A monthly look at Arizona wine with Valley dining impresario Pavle Milic.
In January, the Arizona Vignerons Alliance held its third annual symposium at the Farm at South Mountain – sort of a TED Talk for winery owners. Patrick Comiskey, wine columnist for the Los Angeles Times and senior contributor for Wine & Spirits magazine, moderated one of the seminars in which we all cogitated over – and drank! – two varietals that perform wonderfully in Arizona: Tempranillo and Grenache. Needless to say, I wanted to get a glimpse of Comiskey’s perspective on our juice.
Before your trip, how much did you know about Arizona’s wine landscape?
“In 2014, I moderated a panel on Tempranillo for a group called TAPAS (Tempranillo Advocates Producers and Amigos Society) and was asked to pick wines for that seminar. That included a number of Arizona Tempranillos and Spanish-inspired blends. I knew of course that [Arizona] wines were out there, but… they were a revelation.”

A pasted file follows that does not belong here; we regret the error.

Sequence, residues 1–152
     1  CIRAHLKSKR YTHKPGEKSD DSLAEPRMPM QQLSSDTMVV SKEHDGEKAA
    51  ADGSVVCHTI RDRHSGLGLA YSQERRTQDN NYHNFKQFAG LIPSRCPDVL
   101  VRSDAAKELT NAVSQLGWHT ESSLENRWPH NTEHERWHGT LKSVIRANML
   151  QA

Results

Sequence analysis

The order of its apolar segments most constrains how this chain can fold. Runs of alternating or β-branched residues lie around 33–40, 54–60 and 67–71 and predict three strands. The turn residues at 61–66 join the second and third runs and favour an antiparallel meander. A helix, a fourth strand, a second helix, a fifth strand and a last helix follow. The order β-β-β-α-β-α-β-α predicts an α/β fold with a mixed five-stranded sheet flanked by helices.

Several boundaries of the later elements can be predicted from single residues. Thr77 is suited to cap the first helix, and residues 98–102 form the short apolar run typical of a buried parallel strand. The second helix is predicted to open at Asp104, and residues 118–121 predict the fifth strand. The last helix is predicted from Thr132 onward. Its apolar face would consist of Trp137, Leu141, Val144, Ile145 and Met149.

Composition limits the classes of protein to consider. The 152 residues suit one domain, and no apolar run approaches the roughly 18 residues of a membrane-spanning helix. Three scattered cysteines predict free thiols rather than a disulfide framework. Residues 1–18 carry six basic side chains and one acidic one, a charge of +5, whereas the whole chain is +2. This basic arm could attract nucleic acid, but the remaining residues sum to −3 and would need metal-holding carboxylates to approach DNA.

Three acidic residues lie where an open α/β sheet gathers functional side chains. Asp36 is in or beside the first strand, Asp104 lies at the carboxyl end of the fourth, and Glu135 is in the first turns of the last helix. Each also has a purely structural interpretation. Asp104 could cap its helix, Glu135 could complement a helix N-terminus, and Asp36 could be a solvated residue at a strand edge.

What were some takeaways?
“First, it’s that the quality, even in the five years since TAPAS, has improved dramatically, from hygiene to oak treatment and tannin management. The second is that the winemakers are no longer interested in chasing trends but in mapping out their own, in embracing varieties that are well-suited to Arizona terroir instead of parroting styles and bottlings from other regions. Third, that singular pursuit has led to some distinct terroir character in the wines.”
Did Arizona’s topography and climate remind you of any other wine region?
“It really does remind me of the warmer regions of Spain, of Ribera del Duero, Navarre and Toro – places with great radial energy and high-desert shifts in temperature and intensity. Domestically, it bore a resemblance to Washington state as well, though those wines tend to have more acid. The best Arizona wines have a granular texture and mineral character that makes me think of the varied soils of the region, not to mention a fine alkali tang in some of the wines from Willcox